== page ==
Second, the base stations transmitting feedback in soft-handoff may transmit feedback as appropriate for the receiving base station. The receiving base station needs to provide that information to the other base stations in soft-handoff. This information may be provided through network infrastructure entities including base station controllers (BSC) 233 and/or a mobile switching center (MSC) 234 that coordinates BSC's. Such inter-base station communication may present practical challenges because of synchronized or short timing requirements such as immediate or fast power control feedback. However, this may be readily accomplished in sectors that have the same base station controller such as when all sectors are part of the same base station (called “softer-handoff”).

The second option discussed above is advantageous over the first option, because power control for the reverse link will be more representative of the needs of the base station that is actually receiving the reverse link. Additionally, in the first option, the mobile station will need to be presented with rules for interpreting multiple conflicting power control commands. This may be resolved, for example, by the typical soft-handoff power control rule or by specifying that the mobile station should use the power control commands of the receiving base station unless unreceivable and in which case the power should be increased unless any other base station indicates power should be reduced.

FIG. 3 depicts yet another embodiment of the invention. This embodiment comprises using pairs of forward and reverse link channels. In addition to separating the forward and reverse data channel links, the control associated with those links may be separated. There are two pairs of channels in this embodiment. The first pair of channels is in contact with a first base station 231, and comprises a forward traffic channel 310 that transports forward link data (voice or digital data for example), and a supporting low-bandwidth feedback reverse-link 320. The second pair of channels is in contact with a second base station 235 and comprises a reverse traffic channel 330 that transports reverse link data (voice or digital data for example), and a supporting low-bandwidth feedback forward link 340.

The embodiment illustrated in FIG. 3 has advantages over the embodiment illustrated in FIG. 2A, because there is no need to transmit feedback from one base station to another base station and the separated links are self-supporting because the traffic and control are to/from the same base station. In other words, both control and link independence are achieved. The embodiment illustrated in FIG. 3 has advantages over the embodiment illustrated in FIG. 2B because there is no need to transmit feedback from one base station to another base station and the links are fully separated and not redundant (i.e., lower complexity and lower bandwidth requirement).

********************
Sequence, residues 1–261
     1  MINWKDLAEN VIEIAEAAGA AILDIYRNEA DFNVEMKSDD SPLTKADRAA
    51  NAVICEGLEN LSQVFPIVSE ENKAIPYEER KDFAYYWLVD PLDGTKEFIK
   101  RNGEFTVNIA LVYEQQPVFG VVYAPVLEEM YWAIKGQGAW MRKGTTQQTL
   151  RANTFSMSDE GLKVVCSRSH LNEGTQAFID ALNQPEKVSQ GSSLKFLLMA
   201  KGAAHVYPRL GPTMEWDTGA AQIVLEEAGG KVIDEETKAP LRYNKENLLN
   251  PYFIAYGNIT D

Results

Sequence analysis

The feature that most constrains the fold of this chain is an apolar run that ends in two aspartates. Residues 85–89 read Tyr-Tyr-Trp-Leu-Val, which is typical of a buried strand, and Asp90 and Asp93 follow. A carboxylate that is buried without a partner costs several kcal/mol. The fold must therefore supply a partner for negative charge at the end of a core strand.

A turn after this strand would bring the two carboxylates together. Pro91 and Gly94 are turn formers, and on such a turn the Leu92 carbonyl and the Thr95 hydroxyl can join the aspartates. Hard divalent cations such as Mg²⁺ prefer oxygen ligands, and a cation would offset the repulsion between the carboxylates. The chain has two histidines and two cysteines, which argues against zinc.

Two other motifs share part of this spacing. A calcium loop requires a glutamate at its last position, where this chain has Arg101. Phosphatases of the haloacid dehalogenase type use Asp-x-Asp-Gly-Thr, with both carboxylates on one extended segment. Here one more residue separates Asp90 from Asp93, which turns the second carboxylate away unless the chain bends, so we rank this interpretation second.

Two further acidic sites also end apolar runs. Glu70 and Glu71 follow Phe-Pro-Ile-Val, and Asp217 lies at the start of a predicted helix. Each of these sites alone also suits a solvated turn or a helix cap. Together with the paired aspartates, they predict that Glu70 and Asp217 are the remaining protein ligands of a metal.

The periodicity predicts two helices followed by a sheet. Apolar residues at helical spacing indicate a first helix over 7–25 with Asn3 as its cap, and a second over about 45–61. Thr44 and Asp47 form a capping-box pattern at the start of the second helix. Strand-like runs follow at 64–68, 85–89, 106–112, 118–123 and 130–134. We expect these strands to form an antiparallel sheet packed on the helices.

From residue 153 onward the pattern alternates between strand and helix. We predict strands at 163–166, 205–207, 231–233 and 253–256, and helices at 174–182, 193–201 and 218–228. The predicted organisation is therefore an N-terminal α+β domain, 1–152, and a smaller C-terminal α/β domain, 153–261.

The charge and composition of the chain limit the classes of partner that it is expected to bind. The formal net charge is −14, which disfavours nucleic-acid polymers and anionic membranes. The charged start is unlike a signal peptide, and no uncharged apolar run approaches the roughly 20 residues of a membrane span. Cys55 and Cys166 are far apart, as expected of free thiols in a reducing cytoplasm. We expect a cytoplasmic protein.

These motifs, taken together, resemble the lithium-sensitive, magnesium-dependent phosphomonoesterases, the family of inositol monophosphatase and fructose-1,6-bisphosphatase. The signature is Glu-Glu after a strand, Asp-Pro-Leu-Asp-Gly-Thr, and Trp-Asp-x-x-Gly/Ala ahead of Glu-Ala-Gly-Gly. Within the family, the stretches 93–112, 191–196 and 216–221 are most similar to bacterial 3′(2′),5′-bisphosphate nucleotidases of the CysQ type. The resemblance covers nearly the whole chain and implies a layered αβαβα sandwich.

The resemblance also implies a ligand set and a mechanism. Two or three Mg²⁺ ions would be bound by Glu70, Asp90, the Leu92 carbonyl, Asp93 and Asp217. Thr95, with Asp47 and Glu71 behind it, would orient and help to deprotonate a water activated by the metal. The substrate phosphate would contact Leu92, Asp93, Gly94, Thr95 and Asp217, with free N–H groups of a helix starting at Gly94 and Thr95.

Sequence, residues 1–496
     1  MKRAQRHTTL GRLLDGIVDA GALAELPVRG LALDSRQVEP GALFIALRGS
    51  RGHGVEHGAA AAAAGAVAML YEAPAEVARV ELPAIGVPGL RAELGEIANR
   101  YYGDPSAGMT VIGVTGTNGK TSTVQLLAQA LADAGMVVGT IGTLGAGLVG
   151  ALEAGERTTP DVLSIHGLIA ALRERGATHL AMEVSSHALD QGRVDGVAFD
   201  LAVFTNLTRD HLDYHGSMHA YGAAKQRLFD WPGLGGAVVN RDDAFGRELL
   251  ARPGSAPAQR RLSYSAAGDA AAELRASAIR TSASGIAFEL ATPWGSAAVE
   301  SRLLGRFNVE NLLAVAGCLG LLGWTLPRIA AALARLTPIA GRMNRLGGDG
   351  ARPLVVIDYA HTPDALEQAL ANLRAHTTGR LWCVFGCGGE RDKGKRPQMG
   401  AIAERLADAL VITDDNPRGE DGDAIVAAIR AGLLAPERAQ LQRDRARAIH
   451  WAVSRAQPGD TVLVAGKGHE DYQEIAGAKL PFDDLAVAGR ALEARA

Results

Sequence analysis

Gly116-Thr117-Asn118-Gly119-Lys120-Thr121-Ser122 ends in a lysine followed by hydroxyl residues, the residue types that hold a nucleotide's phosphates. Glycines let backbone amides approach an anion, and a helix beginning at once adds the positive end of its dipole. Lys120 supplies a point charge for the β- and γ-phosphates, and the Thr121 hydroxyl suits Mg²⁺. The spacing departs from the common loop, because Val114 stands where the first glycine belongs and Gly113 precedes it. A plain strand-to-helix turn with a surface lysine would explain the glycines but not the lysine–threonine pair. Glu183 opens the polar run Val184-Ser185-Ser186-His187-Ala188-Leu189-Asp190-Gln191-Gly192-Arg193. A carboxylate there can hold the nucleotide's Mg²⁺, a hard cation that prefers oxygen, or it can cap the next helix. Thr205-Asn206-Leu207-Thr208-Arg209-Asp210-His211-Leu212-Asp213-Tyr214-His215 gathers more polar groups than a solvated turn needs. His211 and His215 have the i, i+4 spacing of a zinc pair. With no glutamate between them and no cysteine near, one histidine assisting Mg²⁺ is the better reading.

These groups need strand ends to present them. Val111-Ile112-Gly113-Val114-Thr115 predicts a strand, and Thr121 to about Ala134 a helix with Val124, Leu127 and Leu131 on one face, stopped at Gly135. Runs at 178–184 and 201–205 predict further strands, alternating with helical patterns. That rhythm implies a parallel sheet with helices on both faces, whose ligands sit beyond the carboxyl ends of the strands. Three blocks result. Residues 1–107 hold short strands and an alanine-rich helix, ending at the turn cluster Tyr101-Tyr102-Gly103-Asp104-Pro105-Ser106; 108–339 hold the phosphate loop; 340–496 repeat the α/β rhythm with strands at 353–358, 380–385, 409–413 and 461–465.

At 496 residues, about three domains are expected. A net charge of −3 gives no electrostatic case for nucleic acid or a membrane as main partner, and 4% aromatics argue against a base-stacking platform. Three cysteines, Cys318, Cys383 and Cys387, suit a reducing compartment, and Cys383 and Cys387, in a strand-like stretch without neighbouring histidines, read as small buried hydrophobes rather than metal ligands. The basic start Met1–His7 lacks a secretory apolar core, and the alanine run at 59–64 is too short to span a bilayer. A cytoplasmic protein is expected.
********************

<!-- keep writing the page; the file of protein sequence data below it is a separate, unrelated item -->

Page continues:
This arrangement allows for each pair of channels to be self-contained, because the forward and reverse traffic channels 310 and 330 are supported by their respective low-bandwidth feedback links 320 and 340. Each of the low-bandwidth feedback links are for cell-site selection, power control, signal quality measurements, acknowledgements, as well as other possible messages. If, for example, the supporting low-bandwidth feedback links are for power control, then the power control does not need to be transmitted between the base stations, as in the first embodiment. Furthermore, in the event of a failure in one of the traffic channels, such as the reverse traffic channel 330, the supporting low-bandwidth feedback forward link 340 will continue to communicate power control information to MS 101. This prevents MS 101 from terminating communication because it is no longer power controlled.

If the reverse traffic channel 330 and the supporting low-bandwidth feedback forward link 340 both fail, the diversity afforded by having the two self-contained pairs of channels 310, 320 and 330, 340 reduces the chances for a failed connection for the reasons discussed above. The remaining forward traffic channel 310 and its supporting low-bandwidth feedback reverse link 320 may still be in communication with MS 101. Higher layer protocol processing, such as acknowledgment of a higher layer packet, can accordingly be maintained. Thus, although communication may be limited to the forward traffic channel 310 and the supporting low-bandwidth reverse link 320, this is sufficient to send a handoff message to MS 101 to establish a new reverse link with another base station or allow MS 101 to inform BS 231 of the need for another base station for the reverse link.

The supporting low-bandwidth feedback links are not limited to the communication of power control. As discussed, each of the supporting low-bandwidth feedback links can be for cell-site selection, signal quality measurements, acknowledgements, as well as other possible messages. The inclusion of such channels on the link will depend on a number of factors such as the type of connection. For example, the necessity of an acknowledgment channel will depend on the reliability of data transfer. A voice call that merely sends voice frames would not necessarily require an acknowledgement channel on the supporting low-bandwidth feedback link.